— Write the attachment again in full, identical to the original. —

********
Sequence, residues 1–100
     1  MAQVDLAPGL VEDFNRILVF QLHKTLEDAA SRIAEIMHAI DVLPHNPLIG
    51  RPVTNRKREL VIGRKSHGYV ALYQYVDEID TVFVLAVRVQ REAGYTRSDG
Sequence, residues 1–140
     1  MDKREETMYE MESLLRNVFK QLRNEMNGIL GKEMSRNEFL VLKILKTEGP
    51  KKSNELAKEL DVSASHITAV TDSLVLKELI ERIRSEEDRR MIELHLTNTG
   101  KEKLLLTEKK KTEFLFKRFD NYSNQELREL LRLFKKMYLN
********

Sequence, residues 1–100
     1  MAQVDLAPGL VEDFNRILVF QLHKTLEDAA SRIAEIMHAI DVLPHNPLIG
    51  RPVTNRKREL VIGRKSHGYV ALYQYVDEID TVFVLAVRVQ REAGYTRSDG
Sequence, residues 1–140
     1  MDKREETMYE MESLLRNVFK QLRNEMNGIL GKEMSRNEFL VLKILKTEGP
    51  KKSNELAKEL DVSASHITAV TDSLVLKELI ERIRSEEDRR MIELHLTNTG
   101  KEKLLLTEKK KTEFLFKRFD NYSNQELREL LRLFKKMYLN